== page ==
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A Midnight Dance
by Grainne Rowland
"Let go of me!" screamed Sean as thin, bony fingers grabbed for him. But they were only tree branches caught in his jacket. I should never have taken that shortcut through the forest at night, he thought.
It was Samhain Eve, and Sean had stayed at his friend Patrick's house telling ghost stories. Now it was late, and Sean was lost in the forest.
"I'll never get home now! I'll never get home!" gasped Sean. "The ghosts and devils are out tonight. Oh, I'll never get home!"
Sean felt as if giant arms were wrapped around him again. He couldn't breathe. His arms and legs didn't want to go where he wanted them to go. They felt tingly. His mouth felt as if it was filled with dry moss. Sean's thoughts were scattering like leaves in a whirlwind.
The black, gnarly trees seemed to march beside Sean like soldiers guarding a prisoner. They seemed to block his path. The only light came from the few smoky fingers of moonlight able to twist through the tree tops. Sean felt icy cold as the mist rose from the ground.
"What's that?" Sean listened. There was music. It came from in front of Sean. Suddenly the trees opened up a path. The only way Sean could move was forward. He stumbled toward the clearing.
"What took you so long?" cried a deep, threatening voice. "I've been waiting for you all night!"
Sean looked around for the voice. He saw nothing!
Then, a man stood in front of Sean. He held a fiddle in one hand and the fiddle's bow in the other. He was dressed in black clothing with a red cape thrown around his shoulders. His beard was black and came to a point on his chin. Sparks seemed to fly from his reddish eyes.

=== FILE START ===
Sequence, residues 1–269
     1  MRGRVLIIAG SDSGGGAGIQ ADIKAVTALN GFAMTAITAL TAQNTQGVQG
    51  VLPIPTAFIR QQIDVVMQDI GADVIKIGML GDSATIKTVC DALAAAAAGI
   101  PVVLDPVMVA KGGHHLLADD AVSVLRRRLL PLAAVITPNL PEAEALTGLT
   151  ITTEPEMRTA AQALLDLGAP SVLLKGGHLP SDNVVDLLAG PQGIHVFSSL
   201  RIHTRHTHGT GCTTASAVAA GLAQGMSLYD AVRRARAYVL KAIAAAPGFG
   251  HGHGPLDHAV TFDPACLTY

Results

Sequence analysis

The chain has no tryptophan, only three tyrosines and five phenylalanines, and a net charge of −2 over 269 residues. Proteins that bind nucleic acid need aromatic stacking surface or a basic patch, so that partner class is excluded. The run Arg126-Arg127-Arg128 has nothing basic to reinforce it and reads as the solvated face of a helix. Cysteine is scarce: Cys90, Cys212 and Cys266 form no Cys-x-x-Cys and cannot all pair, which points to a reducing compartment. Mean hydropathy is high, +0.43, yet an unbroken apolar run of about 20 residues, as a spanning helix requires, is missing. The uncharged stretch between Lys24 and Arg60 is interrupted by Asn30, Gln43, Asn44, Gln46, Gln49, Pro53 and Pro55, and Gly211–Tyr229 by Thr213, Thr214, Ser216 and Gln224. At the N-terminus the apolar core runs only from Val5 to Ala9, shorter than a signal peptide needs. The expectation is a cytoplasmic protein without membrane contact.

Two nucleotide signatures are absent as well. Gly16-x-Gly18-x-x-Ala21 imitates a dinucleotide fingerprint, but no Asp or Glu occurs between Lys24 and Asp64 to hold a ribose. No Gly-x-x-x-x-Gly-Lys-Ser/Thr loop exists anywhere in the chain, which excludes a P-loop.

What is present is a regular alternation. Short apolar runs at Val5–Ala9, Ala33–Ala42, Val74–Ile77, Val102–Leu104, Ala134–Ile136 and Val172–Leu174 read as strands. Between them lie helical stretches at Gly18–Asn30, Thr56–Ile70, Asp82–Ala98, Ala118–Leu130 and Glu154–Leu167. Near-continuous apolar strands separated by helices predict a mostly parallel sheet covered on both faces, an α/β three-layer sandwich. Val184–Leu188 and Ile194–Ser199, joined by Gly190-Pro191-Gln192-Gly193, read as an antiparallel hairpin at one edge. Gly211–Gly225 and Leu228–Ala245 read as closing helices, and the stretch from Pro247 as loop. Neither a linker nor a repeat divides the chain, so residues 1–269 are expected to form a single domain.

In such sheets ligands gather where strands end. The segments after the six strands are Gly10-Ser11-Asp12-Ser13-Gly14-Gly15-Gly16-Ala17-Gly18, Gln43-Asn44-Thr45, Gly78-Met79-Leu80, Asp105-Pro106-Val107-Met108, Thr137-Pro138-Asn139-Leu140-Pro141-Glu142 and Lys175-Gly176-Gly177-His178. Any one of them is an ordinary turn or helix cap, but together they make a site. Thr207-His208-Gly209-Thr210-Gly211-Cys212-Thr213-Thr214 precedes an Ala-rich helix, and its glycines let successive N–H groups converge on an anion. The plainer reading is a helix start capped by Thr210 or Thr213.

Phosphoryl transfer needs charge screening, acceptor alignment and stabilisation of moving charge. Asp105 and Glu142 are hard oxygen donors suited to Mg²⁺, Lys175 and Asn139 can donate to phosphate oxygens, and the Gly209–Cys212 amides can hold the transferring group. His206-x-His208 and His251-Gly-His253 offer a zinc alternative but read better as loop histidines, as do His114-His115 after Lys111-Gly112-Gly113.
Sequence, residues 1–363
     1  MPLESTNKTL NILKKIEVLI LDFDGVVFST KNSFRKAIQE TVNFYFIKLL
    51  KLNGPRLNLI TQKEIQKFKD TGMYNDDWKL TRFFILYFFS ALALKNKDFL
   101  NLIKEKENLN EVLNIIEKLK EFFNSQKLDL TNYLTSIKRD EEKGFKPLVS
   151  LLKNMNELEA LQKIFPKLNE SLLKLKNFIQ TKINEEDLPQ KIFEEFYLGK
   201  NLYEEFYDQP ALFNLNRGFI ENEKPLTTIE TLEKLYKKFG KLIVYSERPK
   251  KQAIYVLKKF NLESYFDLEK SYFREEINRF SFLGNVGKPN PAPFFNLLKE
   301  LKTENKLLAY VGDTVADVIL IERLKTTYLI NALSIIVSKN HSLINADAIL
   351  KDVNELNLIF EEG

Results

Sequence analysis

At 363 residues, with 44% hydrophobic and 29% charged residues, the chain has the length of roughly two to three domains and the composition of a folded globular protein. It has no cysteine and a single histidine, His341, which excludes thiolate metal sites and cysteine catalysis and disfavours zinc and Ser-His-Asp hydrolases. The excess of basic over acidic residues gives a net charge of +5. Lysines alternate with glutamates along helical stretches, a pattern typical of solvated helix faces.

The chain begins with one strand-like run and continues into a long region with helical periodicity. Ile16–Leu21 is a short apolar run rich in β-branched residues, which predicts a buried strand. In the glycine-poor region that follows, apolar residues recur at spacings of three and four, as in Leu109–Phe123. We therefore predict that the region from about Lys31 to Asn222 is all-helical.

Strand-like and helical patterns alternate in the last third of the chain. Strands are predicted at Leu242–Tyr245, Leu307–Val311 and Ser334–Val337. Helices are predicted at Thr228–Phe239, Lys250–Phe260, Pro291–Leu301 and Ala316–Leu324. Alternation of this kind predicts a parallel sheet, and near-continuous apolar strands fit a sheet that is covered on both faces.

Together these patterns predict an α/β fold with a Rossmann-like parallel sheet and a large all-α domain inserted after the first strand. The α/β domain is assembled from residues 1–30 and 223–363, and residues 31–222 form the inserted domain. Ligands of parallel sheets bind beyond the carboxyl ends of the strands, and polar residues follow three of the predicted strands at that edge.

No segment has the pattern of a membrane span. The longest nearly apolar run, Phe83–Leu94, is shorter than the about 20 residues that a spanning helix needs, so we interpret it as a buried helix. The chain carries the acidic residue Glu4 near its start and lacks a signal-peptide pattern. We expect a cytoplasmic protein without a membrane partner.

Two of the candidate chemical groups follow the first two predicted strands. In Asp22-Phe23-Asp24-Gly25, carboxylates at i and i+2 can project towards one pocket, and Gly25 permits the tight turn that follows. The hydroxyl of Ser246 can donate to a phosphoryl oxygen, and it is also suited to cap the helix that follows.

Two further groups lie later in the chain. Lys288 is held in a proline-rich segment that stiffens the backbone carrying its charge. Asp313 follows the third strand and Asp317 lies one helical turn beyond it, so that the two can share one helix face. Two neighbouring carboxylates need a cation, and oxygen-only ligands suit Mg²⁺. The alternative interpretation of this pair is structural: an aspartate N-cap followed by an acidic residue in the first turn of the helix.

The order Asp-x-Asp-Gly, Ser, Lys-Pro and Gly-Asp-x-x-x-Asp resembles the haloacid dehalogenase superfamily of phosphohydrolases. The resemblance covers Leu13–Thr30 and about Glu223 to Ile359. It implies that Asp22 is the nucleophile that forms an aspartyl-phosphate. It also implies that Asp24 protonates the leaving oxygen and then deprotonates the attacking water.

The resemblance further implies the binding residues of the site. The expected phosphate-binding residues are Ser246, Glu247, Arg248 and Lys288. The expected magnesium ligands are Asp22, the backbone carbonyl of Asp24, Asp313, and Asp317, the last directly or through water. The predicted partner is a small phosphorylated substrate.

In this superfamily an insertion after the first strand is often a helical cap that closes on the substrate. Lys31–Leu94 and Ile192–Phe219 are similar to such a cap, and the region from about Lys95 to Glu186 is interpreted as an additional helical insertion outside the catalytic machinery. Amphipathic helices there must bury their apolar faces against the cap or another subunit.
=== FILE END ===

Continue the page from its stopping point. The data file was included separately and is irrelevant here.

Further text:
"Now dance!" ordered the man. At that, his hands seemed to fly over the fiddle's strings. The bow moved so fast it could scarcely be seen. Sean's feet danced to the music with a life of their own.
"Stop!" yelled Sean. "Stop this music!"
But the music went on. Sean danced. His feet would not stop. They could not stop.
The fiddler played faster. Sean felt as if his arms and legs were being pulled apart. His hands clapped to the music while his feet danced on. His body jerked this way and that.
"Make it stop! Please stop the music!" Sean begged. But the music did not stop.
As the first rays of morning drove away the dark, the music stopped. Sean fell to the ground.
When he awoke, it was mid-afternoon. Sean was lying on a pile of hay just in front of his own small, thatched-roof cottage. His shoes had holes in the soles. His feet were blistered.
Images: Woods & Fiddler from Barewalls Prints.
Index of All Children's Stories
Fri, Nov 3, 2017
Instructions of King Cormac, King of Cashel
Be not too wise, nor too foolish
Be not too conceited, nor diffident
Be not too haughty, nor too humble
Be not too talkative, nor too silent
Be not too hard, nor too feeble.
If you be too wise, men will expect too much of you
If you be too foolish, you will be deceived
If you be conceited, you will be thought difficult
If you be too humble, you will be without honour
If you be too talkative, you will not be heeded
If you be silent, you will not be regarded
If you be too hard, you will be broken
If you be too feeble, you will be crushed.
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"No man ever wore a cravat as nice, as his own child's arm around his neck."
- Irish Proverb